How Foreign Policy Can Move Us Beyond Neoliberalism
February 14, 2020
By Matt Hughes
Don’t fear the deficit; fear underinvestment.
The Roosevelt Rundown is an email series featuring the Roosevelt Institute’s top stories of the week.
A Post-Neoliberal Foreign Policy
“Today’s national security experts need to move beyond the prevailing neoliberal economic philosophy of the past 40 years,” Roosevelt Fellow Jennifer Harris and the Carnegie Endowment for International Peace’s Jake Sullivan argue in a piece for Foreign Policy. “Toward this end, the foreign-policy community needs to shed a number of old assumptions. First, policymakers should recognize that underinvestment is a bigger threat to national security than the US national debt . . . America’s national security depends on it.” Read on.
- Another angle: As David Leonhardt writes for the New York Times, Harris and Sullivan’s op-ed offers four specific suggestions on investment, industrial policy, trade, and multinational corporate oversight and taxation. “The piece is well argued, and I found the historical analogies especially telling,” he writes. “Today’s challenges aren’t the same, and the solutions should not be the same. But military leaders and foreign policy experts can again use their prestige and credibility to play a crucial role.” Read more.
The Role of the Fed
During Federal Reserve Chair Jerome Powell’s testimony before the House Financial Services Committee this week, Rep. Ayanna Pressley (D-MA) pressed Powell on full employment and—equipped with a history of civil rights movement advocacy—asked whether a federal jobs guarantee might be the key. “. . . After Dr. King’s assassination, Coretta Scott King picked up the mantle, pushing the Fed to adopt a full employment mandate, and was actually standing behind President Carter as he signed the Humphrey-Hawkins Act into law. And that’s the reason you are here today,” Pressley told Powell. Read more about the testimony in Forbes.
Why the Racial Wealth Gap Persists
“Black History Month has become the time to reflect on all the progress Black Americans have made, but the sobering reality is that when it comes to wealth—the paramount indicator of economic security—there has been virtually no progress in the last 50 years,” Roosevelt Fellow Darrick Hamilton and The Ohio State University’s Trevon Logan write in a Fast Company op-ed. “Based on data from the Federal Reserve’s Survey of Consumer Finance, the typical Black family has only 10 cents for every dollar held by the typical white family.” Read on.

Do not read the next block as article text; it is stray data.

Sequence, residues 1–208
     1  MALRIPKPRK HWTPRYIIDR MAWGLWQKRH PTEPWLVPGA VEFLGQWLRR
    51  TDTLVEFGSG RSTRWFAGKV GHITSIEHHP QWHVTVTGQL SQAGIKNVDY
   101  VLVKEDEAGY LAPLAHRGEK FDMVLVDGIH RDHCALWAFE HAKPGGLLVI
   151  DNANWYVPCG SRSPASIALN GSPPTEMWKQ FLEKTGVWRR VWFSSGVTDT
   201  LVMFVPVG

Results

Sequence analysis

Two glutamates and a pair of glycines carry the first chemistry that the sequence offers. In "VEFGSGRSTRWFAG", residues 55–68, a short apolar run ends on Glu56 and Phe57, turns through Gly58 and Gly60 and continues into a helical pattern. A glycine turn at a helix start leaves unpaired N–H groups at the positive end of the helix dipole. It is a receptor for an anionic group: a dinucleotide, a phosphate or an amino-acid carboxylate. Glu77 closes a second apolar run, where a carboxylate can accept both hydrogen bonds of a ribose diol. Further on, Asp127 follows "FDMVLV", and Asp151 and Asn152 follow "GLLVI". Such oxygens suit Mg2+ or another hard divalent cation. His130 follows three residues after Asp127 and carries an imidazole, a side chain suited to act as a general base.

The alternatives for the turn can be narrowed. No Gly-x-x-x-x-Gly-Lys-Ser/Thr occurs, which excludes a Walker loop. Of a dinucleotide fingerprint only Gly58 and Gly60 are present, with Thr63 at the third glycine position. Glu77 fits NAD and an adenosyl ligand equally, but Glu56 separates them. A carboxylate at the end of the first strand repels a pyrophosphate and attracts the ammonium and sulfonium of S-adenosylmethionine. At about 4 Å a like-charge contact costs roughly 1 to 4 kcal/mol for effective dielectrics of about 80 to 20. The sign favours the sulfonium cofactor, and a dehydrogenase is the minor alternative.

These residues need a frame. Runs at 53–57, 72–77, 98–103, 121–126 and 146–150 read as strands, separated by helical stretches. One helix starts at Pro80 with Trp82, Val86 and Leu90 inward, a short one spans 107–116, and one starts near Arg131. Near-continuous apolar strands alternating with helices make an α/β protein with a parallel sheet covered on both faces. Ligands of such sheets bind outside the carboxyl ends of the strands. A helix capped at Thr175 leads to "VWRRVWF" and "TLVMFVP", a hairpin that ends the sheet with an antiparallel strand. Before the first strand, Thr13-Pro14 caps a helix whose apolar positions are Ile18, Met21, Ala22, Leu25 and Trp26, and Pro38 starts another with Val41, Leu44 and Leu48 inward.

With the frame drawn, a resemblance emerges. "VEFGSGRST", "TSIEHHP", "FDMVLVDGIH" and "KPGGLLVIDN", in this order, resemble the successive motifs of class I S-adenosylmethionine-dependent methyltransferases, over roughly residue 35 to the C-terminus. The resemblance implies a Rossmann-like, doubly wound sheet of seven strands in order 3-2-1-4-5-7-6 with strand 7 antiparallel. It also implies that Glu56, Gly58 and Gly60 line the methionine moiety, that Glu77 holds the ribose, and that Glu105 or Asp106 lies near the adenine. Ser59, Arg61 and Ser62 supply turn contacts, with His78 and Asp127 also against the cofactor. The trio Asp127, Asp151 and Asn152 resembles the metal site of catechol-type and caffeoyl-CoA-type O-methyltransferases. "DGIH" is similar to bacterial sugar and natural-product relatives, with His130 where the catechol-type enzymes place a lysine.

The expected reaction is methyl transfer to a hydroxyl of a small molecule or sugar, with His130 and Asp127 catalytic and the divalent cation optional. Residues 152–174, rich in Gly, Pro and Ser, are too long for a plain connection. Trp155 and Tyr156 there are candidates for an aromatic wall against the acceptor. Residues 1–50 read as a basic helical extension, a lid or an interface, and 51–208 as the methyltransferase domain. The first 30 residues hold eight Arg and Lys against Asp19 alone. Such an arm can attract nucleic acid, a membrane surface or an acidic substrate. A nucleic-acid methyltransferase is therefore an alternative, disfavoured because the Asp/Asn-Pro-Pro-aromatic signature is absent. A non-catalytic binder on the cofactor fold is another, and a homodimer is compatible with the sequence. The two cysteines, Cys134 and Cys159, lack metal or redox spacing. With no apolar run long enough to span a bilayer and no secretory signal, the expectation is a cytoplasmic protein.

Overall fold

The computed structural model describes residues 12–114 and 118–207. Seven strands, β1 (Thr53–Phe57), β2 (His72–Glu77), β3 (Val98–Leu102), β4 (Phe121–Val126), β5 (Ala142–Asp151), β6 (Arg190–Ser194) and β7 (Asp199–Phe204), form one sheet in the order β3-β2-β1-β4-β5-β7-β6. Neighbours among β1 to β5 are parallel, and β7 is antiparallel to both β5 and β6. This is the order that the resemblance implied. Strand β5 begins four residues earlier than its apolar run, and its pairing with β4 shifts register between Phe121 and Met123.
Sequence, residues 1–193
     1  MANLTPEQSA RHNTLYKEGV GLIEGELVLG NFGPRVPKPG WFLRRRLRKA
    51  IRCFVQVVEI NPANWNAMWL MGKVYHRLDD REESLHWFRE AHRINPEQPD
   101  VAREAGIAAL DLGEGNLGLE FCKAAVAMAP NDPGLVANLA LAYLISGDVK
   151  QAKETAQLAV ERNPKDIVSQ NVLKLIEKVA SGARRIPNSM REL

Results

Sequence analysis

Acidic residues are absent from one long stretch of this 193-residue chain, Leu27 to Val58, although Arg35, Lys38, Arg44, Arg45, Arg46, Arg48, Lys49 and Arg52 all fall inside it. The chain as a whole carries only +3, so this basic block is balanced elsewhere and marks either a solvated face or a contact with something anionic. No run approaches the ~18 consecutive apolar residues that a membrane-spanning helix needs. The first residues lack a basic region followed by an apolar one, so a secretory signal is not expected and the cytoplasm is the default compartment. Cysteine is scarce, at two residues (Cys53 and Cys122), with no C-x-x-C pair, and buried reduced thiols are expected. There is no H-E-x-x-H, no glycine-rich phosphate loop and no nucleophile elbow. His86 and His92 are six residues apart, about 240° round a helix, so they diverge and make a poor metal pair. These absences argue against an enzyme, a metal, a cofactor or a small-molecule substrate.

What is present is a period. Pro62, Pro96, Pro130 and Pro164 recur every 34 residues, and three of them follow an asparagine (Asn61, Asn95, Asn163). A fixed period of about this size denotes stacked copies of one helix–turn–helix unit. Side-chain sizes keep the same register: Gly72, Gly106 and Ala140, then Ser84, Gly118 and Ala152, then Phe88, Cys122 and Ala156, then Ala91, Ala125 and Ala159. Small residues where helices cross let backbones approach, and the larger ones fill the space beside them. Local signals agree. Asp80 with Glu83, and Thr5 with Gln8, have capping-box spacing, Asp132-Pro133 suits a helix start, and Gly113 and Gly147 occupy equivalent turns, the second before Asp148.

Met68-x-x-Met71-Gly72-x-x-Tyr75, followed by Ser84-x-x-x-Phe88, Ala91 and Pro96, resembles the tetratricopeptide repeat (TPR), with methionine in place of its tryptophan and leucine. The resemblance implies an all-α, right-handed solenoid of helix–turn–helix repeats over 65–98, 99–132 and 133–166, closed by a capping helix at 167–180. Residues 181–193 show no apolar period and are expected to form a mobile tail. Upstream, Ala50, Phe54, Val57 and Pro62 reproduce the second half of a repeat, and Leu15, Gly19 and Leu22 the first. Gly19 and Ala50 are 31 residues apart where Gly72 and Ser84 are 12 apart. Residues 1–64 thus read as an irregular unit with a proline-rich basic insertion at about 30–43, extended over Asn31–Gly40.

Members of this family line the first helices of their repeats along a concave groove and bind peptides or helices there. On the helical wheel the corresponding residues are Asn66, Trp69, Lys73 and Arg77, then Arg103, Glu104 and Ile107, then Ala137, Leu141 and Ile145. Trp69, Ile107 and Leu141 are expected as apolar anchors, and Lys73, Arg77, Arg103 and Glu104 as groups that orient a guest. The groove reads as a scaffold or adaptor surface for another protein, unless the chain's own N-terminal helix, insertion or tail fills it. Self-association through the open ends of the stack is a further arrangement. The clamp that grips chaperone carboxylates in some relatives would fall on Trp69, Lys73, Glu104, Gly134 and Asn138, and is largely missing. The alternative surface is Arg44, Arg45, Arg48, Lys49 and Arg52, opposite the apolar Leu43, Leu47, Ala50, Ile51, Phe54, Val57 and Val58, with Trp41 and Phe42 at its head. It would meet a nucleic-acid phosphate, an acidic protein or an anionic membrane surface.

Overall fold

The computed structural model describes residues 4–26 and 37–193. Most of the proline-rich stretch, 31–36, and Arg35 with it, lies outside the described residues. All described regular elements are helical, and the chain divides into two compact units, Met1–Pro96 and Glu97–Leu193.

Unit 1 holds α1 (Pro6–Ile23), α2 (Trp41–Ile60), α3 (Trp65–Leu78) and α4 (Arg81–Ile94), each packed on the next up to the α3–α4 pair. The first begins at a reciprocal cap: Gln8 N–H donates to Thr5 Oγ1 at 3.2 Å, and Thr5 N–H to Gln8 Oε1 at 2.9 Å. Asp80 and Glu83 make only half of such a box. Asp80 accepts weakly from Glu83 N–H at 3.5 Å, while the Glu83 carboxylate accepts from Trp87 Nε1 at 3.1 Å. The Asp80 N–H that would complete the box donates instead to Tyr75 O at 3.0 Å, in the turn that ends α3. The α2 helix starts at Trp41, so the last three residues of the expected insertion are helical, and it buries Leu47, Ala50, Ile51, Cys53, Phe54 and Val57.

Why the Black Rural South Deserves Priority
As Roosevelt Journalist-in-Residence Greg Kaufmann writes for The Nation, “one region that hasn’t received the attention it needs in this or previous elections is the rural Black Belt, specifically the persistently poor counties in 11 Southern states that are home to more than half of the nation’s non-metro poor.” The Southern Economic Advancement Project (SEAP)—fresh off of a listening tour across Alabama, Georgia, Mississippi, and North Carolina—has solutions. “Economic progress for the Black Belt requires innovation and deep commitment, which means providing consistent investment to address the interconnected issues that hinder growth and block equity,” SEAP Executive Director Stacey Abrams tells Kaufmann. Read on.
How the Trump Budget Threatens the Economy
This week’s Trump budget proposal includes trillions of dollars in cuts for Medicaid, food stamps, and other vital public programs. As Roosevelt Fellow Michael Linden tweeted, that poses existential challenges for the economy and for individuals. “There has simply not been enough written about what an economic disaster Trump’s budget would be. In the short run . . . it would probably induce a recession. In the long run, it would undermine our economic foundations and lead to less overall prosperity. What a mess.”
What We’re Reading
Rewriting the Rules of the European Economy – Joseph Stiglitz
Trump’s Budget: Making America God-Awful Again – The Nation
The Great Affordability Crisis Breaking America – The Atlantic
6 Facts about Economic Inequality in the US – Pew Research Center
How America’s 1% Came to Dominate Equity Ownership – Financial Times